Was remembering the super dark time in early 2013 last weekend with my pal. Pre-blog. Still in Big4. There was a Japanese film festival playing and they were screening the new Berserk films. We both loved the manga but were dubious about the CG animation that was going to be used. Sadly they were garbage, and had a 5 minute ballroom dancing scene with lifeless CG mannequins. This was meant to be an edgy movie about a dude killing people with a giant sword.

In the interval between the first and second film, which I was praying would be better, we went to the shop and I bought a pound of cottage cheese, 2 liters of milk and a bread roll and ate them with my hands outside the cinema. This is when I was deeply infected with the tryhard disease while recovering from the ingrown toenails and working 60 hours, wishing I would die semi-painlessly in traffic on the way to work. My gf was miserable and trying to lift weights. I was saying I wouldn’t marry her until she could squat 100kg. My friend looked on with disgust as I shoveled the Polish cottage cheese into my mouth.

Back in the cinema, the cultural attaché to the film festival said much of the budget went on a 4 second scene where the protagonist kills goons with a sword in a cool way. The film was crushingly disappointing, and it was impossible to guess which was the scene, it was all so stiff and bland. But we stayed. And then there was the dancing scene that was supposed to be the climax of the film. It was about then I started to question everything in my life that had brought me to that point, and hated myself for letting everything get this bad. I looked like a homeless person and felt like shit. Busy season was over but I was burned out. I dreaded the thought of staying in Big 4, but had no other options in finance or law. In just another 2 months, I fucked my back up and set myself for 2 years of chronic pain. Because I wouldn’t give in and try life a different way.

It was only last week I told him what a rough time it was. At least I know now to jump ship ASAP. Nothing is as good as having options in life.



This appears to be a comparison between a character from Tolstoy’s “War and Peace” and the fictional character attached to the defunct lifting/stretching comedy blog Mopewod. That’s easily one of the most specific things I’ve found on the internet.

I’ve never read War and Peace, but fair play to whoever wrote it, it’s pretty good. Is Brent still alive now that he’s out of prison?

Talk about books for MM

If you like military scifi, I highly recommend Heinlein’s “Starship Troopers” and “The Moon is a Harsh Mistress” by the same author. “The Forever War” by Joe Haldeman is also solid. Be careful which version you read, as it’s been edited quite a bit: I read those in the last year, so they are pretty fresh recommends.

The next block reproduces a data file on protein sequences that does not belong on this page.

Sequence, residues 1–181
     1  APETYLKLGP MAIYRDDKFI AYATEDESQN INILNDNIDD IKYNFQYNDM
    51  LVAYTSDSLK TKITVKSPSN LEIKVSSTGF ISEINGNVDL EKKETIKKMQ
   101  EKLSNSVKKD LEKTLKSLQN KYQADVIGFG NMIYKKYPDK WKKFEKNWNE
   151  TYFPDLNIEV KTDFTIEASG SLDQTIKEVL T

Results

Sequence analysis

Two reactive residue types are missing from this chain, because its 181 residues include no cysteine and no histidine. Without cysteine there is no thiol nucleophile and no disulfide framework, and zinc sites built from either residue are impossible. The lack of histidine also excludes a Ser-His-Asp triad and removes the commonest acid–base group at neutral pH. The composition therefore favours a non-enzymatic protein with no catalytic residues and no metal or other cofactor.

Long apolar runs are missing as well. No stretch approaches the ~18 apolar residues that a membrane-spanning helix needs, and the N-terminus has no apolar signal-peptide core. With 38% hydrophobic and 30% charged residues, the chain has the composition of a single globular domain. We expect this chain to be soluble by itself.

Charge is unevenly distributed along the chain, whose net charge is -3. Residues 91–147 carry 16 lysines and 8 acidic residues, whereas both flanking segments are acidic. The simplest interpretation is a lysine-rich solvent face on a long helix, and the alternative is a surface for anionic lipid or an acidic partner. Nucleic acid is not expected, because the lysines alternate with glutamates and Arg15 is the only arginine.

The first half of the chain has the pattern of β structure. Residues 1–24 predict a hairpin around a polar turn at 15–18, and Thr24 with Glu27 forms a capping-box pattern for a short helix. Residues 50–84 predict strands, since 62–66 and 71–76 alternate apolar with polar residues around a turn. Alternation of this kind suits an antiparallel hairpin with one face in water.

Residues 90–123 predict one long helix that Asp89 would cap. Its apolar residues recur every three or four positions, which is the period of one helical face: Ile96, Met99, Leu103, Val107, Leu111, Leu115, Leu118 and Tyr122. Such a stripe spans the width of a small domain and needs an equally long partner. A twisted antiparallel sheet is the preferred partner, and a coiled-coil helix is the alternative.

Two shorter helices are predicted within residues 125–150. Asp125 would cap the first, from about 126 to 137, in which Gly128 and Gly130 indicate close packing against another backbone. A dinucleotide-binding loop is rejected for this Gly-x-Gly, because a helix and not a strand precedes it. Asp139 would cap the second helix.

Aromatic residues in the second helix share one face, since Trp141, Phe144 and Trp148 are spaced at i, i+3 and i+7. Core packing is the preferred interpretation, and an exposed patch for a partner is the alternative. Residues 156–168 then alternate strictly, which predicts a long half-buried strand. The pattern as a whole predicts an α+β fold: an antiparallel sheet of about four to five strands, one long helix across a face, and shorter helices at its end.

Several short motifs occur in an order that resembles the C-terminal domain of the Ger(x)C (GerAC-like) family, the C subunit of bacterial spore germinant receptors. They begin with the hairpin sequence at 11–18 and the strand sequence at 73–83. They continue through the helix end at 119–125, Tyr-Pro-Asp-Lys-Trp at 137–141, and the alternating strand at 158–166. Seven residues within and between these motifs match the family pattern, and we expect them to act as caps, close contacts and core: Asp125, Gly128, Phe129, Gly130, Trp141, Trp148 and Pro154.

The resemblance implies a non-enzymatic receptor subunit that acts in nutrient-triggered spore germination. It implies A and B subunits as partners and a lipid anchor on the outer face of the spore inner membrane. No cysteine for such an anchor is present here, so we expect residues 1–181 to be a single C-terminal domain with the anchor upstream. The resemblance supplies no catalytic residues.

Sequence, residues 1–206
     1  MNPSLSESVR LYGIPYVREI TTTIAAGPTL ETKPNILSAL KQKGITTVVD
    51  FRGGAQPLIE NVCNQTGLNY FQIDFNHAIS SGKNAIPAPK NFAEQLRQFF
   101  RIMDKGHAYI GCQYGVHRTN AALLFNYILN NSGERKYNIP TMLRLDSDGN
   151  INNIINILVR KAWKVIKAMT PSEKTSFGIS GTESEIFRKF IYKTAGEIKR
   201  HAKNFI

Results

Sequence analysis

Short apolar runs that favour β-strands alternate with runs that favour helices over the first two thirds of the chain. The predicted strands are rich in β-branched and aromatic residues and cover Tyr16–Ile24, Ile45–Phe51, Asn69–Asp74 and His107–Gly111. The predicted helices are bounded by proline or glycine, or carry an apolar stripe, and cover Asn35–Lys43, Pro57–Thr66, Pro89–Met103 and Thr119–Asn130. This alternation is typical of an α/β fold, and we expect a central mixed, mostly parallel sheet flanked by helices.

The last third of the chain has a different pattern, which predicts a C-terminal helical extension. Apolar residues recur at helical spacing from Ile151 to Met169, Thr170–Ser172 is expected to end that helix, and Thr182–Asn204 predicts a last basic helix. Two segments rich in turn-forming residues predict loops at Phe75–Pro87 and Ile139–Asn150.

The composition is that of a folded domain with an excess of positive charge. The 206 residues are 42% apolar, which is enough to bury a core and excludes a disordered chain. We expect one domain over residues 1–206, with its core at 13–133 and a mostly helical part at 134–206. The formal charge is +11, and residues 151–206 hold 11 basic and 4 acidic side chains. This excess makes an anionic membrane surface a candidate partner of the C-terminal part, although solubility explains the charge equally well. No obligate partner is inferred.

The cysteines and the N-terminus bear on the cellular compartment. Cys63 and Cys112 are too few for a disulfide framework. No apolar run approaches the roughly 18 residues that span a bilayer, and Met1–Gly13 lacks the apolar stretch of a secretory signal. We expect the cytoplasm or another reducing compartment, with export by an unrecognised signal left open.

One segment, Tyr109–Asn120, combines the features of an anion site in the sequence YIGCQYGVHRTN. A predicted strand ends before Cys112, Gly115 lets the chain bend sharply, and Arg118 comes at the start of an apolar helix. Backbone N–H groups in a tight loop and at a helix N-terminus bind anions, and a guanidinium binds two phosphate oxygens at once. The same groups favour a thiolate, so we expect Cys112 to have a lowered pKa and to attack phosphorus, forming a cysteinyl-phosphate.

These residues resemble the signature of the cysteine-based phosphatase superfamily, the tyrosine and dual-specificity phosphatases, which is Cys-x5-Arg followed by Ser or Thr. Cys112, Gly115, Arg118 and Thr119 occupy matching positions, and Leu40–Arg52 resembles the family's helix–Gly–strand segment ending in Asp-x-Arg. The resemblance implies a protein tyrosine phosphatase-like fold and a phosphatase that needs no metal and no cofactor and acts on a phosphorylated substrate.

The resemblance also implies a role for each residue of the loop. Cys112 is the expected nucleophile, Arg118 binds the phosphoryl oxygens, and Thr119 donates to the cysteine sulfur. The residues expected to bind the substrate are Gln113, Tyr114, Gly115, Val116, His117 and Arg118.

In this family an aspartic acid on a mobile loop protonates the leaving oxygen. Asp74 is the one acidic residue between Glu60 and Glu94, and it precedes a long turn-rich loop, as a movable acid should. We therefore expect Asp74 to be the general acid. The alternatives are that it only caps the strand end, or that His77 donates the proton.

I also really liked “The Stars My Destination” by Alfred Bester. It’s a very tightly plotted scifi novel from the 50s. If you want to read more pulpy crime/scifi, I really liked “Junkie” by William S. Burroughs, and of course “Naked Lunch”, “The Soft Machine”, “Nova Express” and the “Ticket that Exploded” by the same author. All very much a challenge to read, but they throw up phrases and images that will stay with you forever.

For psychological scifi, I really like JG Ballard’s work. Some of his work is more experimental, but it all feels very current, even if he began writing in the 50s. His life story is easily the most interesting bit of his work.

Further into the cyberpunk/word salad genre, “Neuromancer”, “Mona Lisa Overdrive” and “Count Zero” are at least semi-decent. They are laughably dated, and written on a typewriter, but still radiate cool. Of those, Neuromancer is head-and-shoulders above the others.

If you want to go a bit further afield into Eastern European scifi, I highly recommend “Roadside Picnic” by the Strugatsky brothers. A very dark adventure story from the 1970s about the aftermath of an abstract alien visitation, and the effect it has on the “stalkers” who recover objects from the Visitation Zones. Also made into a film called Stalker, and a the loose basis for the game S.T.A.L.K.E.R.

“We” by Yevgeny Zamyatin is a decent read if you like dystopian novels, it influenced many in the 20th century. I’m not entirely sold that it’s a great novel however. If you like Doctor Strangelove, read “Memoirs found in a Bathtub” by Stanislav Lem. If I think of more scifi novels, I’ll let you know.

I’ll do literary fiction next maybe. I define literary fiction as “anything not scifi/fantasy”.


For Coach:

I’m pretty divided on ancient Rome to ancient Greece. That period of 600-400AD of Athenian Greece is amazing. But Rome had such interesting stories and insights. If it tips me over into the Roman camp, I have 28mm Legionnaire models and fight my friend’s Celts in historical wargames.

I don’t really have strong feelings on Rebels v Empire  – I would prefer to live in the Rebel section post-war. But I don’t like Jedi as anything other than space knights. While the Empire have snazzy uniforms, I’d hate to pay the taxes required to fund the military.

I’ve never finished Dune, I’ve tried 3 or 4 times, but find the prose too stilted. It’s a shame, as it’s really influential on 40k.  I think it’s had so much sucked from it over the years by other works, it’s nothing but a dry husk.

I mostly read books to feel stuff.

Garbage collection

Started playing Necromunda again this weekend. It’s a 28mm skirmish game in the grimdark future where you control a cyberpunk gang and battle your friends for control of the Underhive. My gang are Enforcers – dedicated to restoring the rule of law in the Underhive. A very fun game to re-learn!


The dude with the machinegun in the center is overwatching most of the field. He downed about 30% of the enemy gang! We’ll play with more terrain next time. I was nicely dug in.


Outnumbered almost 2:1, I split my 6 dudes and forced the gangers to come to me.  They tried to encircle me, but the heavy machinegun on the flank picked off guys as they broke cover and tried to close with me. 40″ range is great on a small table!